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Monday, September 9, 2013

The Poorest Computer Users are Programmers

In the old days programmers programmed computers. Period.

Nowadays when everything is a computer, and the traditional computer is about a decade and half behind the curve, describing a programmer as someone who programs computers is narrow and inaccurate. Instead we should think of programmers as working at effecting and improving the human-X interface, where X may be 'computer'. But it could also be IT, or technology or the network and through that last, interaction with other humans.

Now the classic 'nerdy' programmer was (by stereotype) always poor at 'soft' questions like that:  Interaction? Synergy?! What's all that manager-PR talk to do with programming?

And so today…

Programmers are inept as users of computers

Some examples:
Programs are some of the most heavily structured documents that humans make.  Yet 25 years after html and 50 years after hypertext, programmers still use text files.
In html I had written a bit about this:
  • Programs are naturally hypertext-ual objects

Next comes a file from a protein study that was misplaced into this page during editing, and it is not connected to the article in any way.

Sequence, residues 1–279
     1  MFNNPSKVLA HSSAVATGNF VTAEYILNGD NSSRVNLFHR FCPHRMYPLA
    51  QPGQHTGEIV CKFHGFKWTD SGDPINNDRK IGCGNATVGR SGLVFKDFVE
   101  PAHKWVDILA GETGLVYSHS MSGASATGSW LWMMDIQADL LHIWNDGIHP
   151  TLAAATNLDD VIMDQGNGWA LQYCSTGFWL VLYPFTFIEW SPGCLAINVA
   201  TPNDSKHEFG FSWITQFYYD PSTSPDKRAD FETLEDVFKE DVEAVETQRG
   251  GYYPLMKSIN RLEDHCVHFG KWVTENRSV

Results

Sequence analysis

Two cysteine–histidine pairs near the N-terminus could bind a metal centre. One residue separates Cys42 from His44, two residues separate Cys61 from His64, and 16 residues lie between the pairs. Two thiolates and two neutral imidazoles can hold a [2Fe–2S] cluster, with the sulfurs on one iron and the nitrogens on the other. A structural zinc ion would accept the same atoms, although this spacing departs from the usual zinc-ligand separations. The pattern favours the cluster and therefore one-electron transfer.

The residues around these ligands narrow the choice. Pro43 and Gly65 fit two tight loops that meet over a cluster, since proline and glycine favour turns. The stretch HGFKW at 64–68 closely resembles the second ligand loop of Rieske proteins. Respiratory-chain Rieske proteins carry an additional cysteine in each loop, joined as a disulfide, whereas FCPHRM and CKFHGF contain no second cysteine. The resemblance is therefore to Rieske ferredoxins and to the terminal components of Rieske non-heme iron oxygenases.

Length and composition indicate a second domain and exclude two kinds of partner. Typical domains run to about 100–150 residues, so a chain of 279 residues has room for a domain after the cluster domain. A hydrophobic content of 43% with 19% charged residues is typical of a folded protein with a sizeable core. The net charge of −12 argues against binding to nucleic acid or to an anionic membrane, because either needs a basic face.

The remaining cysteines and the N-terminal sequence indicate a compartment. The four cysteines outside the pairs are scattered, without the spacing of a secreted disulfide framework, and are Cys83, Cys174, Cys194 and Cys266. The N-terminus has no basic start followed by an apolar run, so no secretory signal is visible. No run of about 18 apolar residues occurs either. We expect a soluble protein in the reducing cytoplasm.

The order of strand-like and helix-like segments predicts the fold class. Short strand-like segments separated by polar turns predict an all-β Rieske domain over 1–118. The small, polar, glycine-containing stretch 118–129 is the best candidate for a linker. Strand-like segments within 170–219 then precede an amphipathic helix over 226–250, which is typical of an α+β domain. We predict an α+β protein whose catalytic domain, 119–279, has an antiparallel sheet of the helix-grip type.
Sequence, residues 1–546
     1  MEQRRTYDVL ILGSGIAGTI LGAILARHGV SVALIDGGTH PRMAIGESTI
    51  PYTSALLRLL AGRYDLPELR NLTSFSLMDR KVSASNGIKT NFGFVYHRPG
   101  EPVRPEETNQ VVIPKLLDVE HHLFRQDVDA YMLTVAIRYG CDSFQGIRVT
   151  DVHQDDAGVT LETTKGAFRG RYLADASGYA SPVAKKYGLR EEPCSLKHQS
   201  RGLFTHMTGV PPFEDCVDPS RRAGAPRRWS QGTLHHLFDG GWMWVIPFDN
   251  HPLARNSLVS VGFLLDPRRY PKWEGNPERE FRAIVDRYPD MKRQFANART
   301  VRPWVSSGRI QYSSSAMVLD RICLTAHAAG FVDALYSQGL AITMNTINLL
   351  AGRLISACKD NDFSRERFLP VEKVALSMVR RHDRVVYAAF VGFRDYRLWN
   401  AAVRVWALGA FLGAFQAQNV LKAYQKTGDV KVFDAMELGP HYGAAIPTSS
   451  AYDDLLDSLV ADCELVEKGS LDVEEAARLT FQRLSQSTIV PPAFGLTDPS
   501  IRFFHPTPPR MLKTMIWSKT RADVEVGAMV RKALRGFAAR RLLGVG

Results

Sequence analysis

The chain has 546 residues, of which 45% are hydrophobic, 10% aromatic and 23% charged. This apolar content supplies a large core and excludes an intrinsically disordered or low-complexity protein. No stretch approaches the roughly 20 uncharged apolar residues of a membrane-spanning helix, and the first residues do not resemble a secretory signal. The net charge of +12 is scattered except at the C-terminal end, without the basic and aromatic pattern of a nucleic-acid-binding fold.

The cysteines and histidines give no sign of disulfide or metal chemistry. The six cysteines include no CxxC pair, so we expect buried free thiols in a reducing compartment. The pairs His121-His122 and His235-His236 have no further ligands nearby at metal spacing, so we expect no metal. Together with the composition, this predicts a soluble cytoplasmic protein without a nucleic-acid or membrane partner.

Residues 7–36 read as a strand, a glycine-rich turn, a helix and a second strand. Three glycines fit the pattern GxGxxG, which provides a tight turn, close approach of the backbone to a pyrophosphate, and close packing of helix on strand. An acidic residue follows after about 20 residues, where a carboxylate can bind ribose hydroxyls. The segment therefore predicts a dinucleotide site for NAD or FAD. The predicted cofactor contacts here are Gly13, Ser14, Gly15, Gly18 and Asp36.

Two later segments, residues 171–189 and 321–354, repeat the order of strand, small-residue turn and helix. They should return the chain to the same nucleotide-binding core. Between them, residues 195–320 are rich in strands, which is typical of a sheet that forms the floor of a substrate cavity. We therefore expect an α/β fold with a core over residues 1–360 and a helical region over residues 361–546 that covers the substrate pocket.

• Since hypertext is universally equated with html, programmers shy away from this option
  • This amounts to a luddite choice
Tabs and indentation
If something like this were more widely known most of these arguments would vanish.
Really the fact that if I like 3 space indents and you like 7, then one of us needs to give in to the other, speaks volumes about how non-configurable our programming systems are.
The only guys (other than telegraph operators) who use courier monospace font today are programmers.  !SWEET!
Currently searching – grep – is entirely regexp based and therefore inherently non-structural.  Therefore replace is also un-structural
And therefore functionality on top of this like vcs-merging remains too low-level
File Formats
Every layman who uses a computer today uses tools having sophisticated file-formats – except the programmer who is stuck with the 50 year old text file!  Programmers invariably balk at anyone questioning this because of the lock-in produced by proprietary formats like doc.  Let us remember that there exist open formats like rtf and pdf and most notably html.
The Real Issue is that

Programs carry 3 levels of Structure

  1. shallow structure – syntax
  2. deep structure – semantics
  3. And between the two, for want of a better word there is the medium structure of programs – or just 'structure'.
Deep structure is essentially an unsolvable problem. Think…
  • Halting Problem
  • Automatic detection and recovery of Errors